The point of all of this is that there are numerous ways for video games to create an engaging player character that gamers can connect with. It’s all about what kind of game you’re playing, and sometimes the best of intentions can lead to unintended flaws. It’s all about finding the right balance of character agency and them being a blank slate.

Kiryu’s History

Before continuing any further, I will be discussing elements of Kiryu’s backstory that crop up throughout the Yakuza franchise. I’ll be keeping spoilers to a minimum, but you’ve been warned.

Kiryu in Yakuza 0 smoking a cigarette
Kiryu comes from humble beginnings.

Anyways, Kiryu has a classic criminal history. Raised with his sworn brother Nishiki in an orphanage as a kid, and eventually brought into the Yakuza lifestyle by Kazama Shintaro, in Yakuza 0 we see him leave the Dojima family he belongs to after he is framed for a murder he didn’t commit. His strong sense of justice allows him to leave behind everything he had been fighting to gain, but he is ultimately better off because of his ability to break away from the crime family he’s been a part of. But even before the main plot kicks off, we see him and Nishiki enjoy a night out on the town and participate in an extremely goofy but kind of awesome karaoke song. Seeing such a serious, perpetually scowling man in such a weird situation is inherently funny, but it also reveals elements of Kiryu’s personality that I will come back to later.

Being raised by Kazama has allowed Kiryu to develop his own strong personal philosophy that he adheres to regardless of the situation he finds himself in or the odds stacked against him. We later find out in Yakuza Kiwami that Kazama actually killed Kiryu’s parents. In fact, the orphanage he and Nishiki grew up in is actually populated by children whose parents Kazama has killed. Despite this, Kiryu’s history allows him to reveal that he considers Kazama to be his only true parent in the world. And while on the surface, this seems like Kiryu being honorable to a fault, it actually reveals the more tragic side to Kiryu: despite believing so much in honor and being a good person, he is ultimately a victim of the very system he tries to break away from again and again throughout the series.

Despite his still-questionable beliefs in Kazama being an honorable man, this ultimately has a positive effect on the world around Kiryu, as later on in the series, starting with the third installment, he starts running an orphanage, recognizing the need for kids without parental figures to have a place they can call home due to his own history. His early days come to inform everything he does throughout the series, and sets a precedent for how he follows his own code no matter what.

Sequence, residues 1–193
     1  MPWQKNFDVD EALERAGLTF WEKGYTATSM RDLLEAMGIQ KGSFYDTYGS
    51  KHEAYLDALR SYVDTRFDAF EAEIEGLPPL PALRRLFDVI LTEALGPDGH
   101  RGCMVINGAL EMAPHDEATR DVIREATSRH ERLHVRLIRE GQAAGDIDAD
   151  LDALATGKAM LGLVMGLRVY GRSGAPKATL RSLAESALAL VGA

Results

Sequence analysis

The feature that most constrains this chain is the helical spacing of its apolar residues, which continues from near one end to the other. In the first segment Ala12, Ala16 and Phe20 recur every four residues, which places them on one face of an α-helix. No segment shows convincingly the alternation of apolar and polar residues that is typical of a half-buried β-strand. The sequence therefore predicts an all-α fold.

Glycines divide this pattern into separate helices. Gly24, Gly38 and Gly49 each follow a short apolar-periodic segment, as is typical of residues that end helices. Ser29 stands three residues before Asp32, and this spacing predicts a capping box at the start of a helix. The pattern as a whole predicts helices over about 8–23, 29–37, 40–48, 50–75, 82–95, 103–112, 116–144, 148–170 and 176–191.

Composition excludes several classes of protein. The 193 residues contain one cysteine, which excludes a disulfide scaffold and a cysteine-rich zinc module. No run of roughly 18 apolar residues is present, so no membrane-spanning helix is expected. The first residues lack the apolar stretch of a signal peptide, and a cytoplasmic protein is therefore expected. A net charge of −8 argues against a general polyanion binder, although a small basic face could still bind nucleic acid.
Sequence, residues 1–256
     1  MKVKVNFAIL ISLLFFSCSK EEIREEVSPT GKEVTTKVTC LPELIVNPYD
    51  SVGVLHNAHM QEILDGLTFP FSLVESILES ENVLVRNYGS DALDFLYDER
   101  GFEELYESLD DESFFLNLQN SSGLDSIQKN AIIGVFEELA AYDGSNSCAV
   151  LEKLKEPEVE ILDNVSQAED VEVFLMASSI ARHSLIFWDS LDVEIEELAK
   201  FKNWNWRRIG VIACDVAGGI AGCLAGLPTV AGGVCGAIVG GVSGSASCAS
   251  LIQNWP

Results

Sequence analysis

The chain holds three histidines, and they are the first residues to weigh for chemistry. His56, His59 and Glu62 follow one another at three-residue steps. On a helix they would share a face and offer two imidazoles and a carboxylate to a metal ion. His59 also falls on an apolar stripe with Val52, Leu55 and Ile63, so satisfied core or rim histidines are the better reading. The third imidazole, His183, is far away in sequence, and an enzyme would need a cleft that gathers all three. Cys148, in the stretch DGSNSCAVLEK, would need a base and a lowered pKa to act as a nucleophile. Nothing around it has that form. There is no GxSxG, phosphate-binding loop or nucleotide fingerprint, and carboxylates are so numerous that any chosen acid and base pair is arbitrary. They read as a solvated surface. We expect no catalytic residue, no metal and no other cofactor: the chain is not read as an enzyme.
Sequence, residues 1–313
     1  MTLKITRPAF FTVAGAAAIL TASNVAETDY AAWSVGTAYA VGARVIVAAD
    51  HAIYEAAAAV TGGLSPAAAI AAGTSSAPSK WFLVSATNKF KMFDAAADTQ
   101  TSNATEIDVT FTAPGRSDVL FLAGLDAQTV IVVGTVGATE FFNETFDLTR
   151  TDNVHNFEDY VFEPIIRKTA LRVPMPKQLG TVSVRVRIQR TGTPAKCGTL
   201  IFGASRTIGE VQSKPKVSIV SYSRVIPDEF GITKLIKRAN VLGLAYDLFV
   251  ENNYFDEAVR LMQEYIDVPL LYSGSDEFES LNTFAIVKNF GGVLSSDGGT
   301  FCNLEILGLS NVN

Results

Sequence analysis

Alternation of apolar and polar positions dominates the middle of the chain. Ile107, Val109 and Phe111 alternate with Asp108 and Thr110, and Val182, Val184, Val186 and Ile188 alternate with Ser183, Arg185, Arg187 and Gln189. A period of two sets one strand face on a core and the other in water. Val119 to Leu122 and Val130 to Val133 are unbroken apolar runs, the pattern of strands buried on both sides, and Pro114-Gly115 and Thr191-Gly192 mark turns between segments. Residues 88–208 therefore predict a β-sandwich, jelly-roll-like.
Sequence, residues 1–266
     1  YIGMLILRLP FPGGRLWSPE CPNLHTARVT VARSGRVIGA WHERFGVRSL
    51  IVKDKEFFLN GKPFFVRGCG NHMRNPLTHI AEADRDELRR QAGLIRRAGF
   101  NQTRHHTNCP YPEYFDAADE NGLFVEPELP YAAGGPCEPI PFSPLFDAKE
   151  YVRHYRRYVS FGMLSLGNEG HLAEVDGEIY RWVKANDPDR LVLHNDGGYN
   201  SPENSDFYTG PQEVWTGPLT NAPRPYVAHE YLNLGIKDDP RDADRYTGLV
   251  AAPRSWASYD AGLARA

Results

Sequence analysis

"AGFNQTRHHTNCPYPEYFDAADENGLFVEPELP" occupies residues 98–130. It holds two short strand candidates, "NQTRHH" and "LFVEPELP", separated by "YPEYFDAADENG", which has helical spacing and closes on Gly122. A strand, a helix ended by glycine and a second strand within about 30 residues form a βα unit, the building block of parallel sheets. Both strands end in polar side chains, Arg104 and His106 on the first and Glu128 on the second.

Still Something of a Blank Slate

The aforementioned opening of Yakuza 0, where Kiryu and Nishiki enjoy a night out in Kamurocho, a fictionalized version of Japan’s red-light district, actually does a fantastic job setting up the gameplay of the series for newcomers. I myself was new to the series when I played this prequel but in hindsight, the series writers did a great job showing why Kiryu, someone so serious all the time, indulges in all the goofy shenanigans he does.

Kiryu poses on the dance floor with Yakuza 0's Michael Jackson knockoff Miracle Johnson
Despite being a manly man, Kiryu is completely unafraid of looking like a goofball.

Despite ostensibly being an open-world game, the Yakuza series takes a vastly different approach from its Western counterparts regarding the ways it entertains players. In something like Grand Theft Auto, or my personal favorite sandbox series Just Cause, the emphasis is on players creating their own chaos with a specific set of mechanics. You can go anywhere, commit wanton murder, get away with it, and generally be as maniacal and mayhem inducing as you’d like. And don’t get me wrong, I enjoy these kinds of games as much as anyone else (although I’m not a big fan of Rockstar). These kinds of games offer pure power fantasy and can be a great way to blow off steam after a stressful day at work. They’re indulgent in our darkest sides and revel in letting the player cause destruction.

The Yakuza series takes an entirely different approach to the idea of an open world; instead turning it into something of an adventure game at times. You can’t go on rampages; in fact, in the fifth entry, there’s an extensive taxi driving side game where you lose points for breaking traffic laws. It feels like a direct response to games like Grand Theft Auto, where the goal is to let the player do whatever they want. Instead, Yakuza focuses on being something of a virtual tourism pamphlet for the various cities players can explore.